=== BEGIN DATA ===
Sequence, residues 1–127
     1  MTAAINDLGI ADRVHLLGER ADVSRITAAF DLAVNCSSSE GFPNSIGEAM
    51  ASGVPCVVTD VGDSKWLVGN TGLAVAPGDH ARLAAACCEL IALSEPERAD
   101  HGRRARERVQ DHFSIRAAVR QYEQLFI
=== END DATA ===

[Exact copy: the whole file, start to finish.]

Sequence, residues 1–127
     1  MTAAINDLGI ADRVHLLGER ADVSRITAAF DLAVNCSSSE GFPNSIGEAM
    51  ASGVPCVVTD VGDSKWLVGN TGLAVAPGDH ARLAAACCEL IALSEPERAD
   101  HGRRARERVQ DHFSIRAAVR QYEQLFI